Virtualisation turns PCs into personal clouds
Desktops break free
IDV is not just VDI backwards
Intel, which supplies the vast majority of server and desktop microprocessors in the world, wants its Atom chips to challenge ARM processors in smartphones and tablets too. The vendor wants to own the end-user device and the in-house or cloudy server infrastructure that serves up apps to smartphones, tablets and PCs.
While Intel has certainly been eager to sell servers to host VDI setups, the three architectural principles of the Intelligent Desktop Virtualisation (IDV) architecture it is espousing run a little counter to the conventional VDI approach.
"You don't even have to get into exotic devices to see that something has to change," says Dinesh Rao, director of Intel's independent software vendor program.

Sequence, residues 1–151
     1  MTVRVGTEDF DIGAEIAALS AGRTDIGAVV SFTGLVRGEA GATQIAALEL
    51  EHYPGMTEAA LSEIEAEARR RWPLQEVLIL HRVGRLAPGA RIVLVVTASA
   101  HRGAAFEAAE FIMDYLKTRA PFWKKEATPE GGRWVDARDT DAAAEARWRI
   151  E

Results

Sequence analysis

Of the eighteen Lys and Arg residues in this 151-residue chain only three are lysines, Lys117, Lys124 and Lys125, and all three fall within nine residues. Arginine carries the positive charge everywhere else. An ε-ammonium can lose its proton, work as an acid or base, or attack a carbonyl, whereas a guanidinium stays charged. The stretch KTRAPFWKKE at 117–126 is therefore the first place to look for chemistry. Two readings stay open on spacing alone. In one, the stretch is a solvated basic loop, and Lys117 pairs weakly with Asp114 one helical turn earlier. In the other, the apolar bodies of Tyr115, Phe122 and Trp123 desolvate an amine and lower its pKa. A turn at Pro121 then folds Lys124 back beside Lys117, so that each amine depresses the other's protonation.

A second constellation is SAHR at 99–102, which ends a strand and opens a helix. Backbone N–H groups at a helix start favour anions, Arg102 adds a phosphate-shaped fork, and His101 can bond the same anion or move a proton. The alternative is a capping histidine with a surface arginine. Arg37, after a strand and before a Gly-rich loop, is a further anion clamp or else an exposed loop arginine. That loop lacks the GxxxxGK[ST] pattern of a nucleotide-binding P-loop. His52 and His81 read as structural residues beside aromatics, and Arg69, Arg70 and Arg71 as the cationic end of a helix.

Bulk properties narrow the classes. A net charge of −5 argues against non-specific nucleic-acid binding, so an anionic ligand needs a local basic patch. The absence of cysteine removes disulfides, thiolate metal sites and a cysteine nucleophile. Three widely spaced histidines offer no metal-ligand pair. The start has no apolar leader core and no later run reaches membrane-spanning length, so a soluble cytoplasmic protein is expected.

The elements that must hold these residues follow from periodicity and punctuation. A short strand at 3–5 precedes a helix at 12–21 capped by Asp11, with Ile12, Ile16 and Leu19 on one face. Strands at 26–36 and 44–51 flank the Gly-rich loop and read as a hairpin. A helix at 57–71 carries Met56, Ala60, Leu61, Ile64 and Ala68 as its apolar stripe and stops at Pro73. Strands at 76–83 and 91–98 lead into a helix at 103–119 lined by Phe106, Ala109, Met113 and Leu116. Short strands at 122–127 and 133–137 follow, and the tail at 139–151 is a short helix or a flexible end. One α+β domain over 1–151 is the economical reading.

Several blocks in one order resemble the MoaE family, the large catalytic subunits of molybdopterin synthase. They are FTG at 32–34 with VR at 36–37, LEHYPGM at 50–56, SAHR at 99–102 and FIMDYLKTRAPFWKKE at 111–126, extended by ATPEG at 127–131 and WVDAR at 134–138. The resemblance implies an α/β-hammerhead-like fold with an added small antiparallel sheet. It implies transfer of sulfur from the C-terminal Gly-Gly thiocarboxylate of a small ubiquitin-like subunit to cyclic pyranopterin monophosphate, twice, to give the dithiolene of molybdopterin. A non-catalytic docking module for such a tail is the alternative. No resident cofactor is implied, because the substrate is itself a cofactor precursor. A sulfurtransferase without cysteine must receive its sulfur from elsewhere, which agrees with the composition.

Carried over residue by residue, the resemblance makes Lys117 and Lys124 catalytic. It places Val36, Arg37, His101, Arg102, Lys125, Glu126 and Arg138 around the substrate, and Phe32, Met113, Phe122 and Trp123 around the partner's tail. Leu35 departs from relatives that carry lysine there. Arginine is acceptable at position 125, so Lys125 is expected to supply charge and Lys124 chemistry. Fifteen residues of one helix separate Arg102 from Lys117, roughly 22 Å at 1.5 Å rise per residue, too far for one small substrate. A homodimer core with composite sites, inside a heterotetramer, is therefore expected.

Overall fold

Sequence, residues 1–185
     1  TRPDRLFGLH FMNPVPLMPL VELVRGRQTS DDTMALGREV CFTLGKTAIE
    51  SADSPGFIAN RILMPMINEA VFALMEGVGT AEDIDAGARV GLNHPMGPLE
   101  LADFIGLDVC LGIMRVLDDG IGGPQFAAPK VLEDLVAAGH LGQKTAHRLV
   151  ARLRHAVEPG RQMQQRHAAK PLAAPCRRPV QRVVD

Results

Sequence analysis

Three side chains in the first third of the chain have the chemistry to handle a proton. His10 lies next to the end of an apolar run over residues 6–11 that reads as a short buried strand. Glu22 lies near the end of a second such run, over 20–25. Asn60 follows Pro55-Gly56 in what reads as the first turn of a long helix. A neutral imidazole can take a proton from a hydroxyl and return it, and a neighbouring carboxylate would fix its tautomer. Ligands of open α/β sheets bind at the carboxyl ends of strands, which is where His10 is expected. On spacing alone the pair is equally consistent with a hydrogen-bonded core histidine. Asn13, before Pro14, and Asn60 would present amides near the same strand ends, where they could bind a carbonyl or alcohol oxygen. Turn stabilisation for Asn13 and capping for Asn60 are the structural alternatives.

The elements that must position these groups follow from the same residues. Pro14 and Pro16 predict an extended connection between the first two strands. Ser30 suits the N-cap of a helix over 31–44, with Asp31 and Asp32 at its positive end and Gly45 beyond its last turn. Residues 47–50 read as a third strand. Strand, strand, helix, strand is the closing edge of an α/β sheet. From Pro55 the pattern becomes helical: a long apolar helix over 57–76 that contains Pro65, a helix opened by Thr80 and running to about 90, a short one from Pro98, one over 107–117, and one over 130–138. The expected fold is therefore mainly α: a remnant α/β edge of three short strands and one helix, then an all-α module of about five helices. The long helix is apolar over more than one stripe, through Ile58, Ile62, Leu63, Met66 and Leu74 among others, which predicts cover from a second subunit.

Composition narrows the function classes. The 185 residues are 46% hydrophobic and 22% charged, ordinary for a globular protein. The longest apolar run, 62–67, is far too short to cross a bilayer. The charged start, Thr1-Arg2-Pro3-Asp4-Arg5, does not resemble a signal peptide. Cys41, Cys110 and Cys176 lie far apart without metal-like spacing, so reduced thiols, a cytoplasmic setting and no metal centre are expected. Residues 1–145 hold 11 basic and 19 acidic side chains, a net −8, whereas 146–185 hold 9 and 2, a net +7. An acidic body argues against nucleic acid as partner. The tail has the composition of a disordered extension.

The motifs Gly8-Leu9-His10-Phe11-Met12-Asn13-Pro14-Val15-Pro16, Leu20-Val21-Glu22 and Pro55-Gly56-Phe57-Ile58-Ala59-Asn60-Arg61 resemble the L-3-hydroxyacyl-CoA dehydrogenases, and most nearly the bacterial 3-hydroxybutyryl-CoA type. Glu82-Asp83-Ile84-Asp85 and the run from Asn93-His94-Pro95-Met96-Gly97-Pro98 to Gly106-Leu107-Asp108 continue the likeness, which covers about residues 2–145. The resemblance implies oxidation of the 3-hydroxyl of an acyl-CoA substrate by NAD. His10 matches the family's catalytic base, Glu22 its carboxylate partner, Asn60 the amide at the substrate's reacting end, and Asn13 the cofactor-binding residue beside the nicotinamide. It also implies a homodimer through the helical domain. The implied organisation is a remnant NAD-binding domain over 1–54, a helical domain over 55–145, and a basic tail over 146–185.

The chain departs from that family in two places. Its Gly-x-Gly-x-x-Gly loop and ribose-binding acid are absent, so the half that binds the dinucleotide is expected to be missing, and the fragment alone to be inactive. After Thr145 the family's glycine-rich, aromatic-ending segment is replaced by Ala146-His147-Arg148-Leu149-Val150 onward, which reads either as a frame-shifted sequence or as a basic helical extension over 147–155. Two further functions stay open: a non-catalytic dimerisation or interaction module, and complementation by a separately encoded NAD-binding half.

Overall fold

"You have to understand what computer model works when, and you have to accept the fact that no single computer model will answer all of your issues.
“We are in a period of change. We are moving toward some stable end state but we haven't achieved that yet. So we have tried to outline the characteristics of that future state."
Intel's IDV scheme concedes that users don't want to be locked down to any one particular kind of virtualisation for operating systems and applications.
IDV has to span everything from traditional terminal services to shared virtual desktops, classic VDI, OS streaming, app streaming, type 2 (hosted) hypervisor containers on the client, all the way to putting a type 1 (bare-metal) hypervisor on the client.